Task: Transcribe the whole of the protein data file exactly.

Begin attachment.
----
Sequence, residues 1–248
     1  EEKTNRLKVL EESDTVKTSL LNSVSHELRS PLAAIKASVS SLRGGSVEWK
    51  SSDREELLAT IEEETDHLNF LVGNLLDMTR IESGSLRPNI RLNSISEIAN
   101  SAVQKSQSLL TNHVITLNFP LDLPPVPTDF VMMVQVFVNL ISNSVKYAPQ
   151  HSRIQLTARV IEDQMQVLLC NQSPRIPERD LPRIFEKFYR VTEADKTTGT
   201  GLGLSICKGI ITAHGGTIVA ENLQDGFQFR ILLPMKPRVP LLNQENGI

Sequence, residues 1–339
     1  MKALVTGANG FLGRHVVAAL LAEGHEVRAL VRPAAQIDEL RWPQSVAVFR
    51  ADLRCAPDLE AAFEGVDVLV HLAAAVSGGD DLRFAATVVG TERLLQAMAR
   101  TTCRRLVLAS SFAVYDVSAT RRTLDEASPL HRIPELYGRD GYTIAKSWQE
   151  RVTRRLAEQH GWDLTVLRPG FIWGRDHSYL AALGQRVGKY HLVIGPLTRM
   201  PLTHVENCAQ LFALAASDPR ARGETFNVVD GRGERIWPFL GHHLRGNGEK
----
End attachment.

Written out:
Sequence, residues 1–248
     1  EEKTNRLKVL EESDTVKTSL LNSVSHELRS PLAAIKASVS SLRGGSVEWK
    51  SSDREELLAT IEEETDHLNF LVGNLLDMTR IESGSLRPNI RLNSISEIAN
   101  SAVQKSQSLL TNHVITLNFP LDLPPVPTDF VMMVQVFVNL ISNSVKYAPQ
   151  HSRIQLTARV IEDQMQVLLC NQSPRIPERD LPRIFEKFYR VTEADKTTGT
   201  GLGLSICKGI ITAHGGTIVA ENLQDGFQFR ILLPMKPRVP LLNQENGI

Sequence, residues 1–339
     1  MKALVTGANG FLGRHVVAAL LAEGHEVRAL VRPAAQIDEL RWPQSVAVFR
    51  ADLRCAPDLE AAFEGVDVLV HLAAAVSGGD DLRFAATVVG TERLLQAMAR
   101  TTCRRLVLAS SFAVYDVSAT RRTLDEASPL HRIPELYGRD GYTIAKSWQE
   151  RVTRRLAEQH GWDLTVLRPG FIWGRDHSYL AALGQRVGKY HLVIGPLTRM
   201  PLTHVENCAQ LFALAASDPR ARGETFNVVD GRGERIWPFL GHHLRGNGEK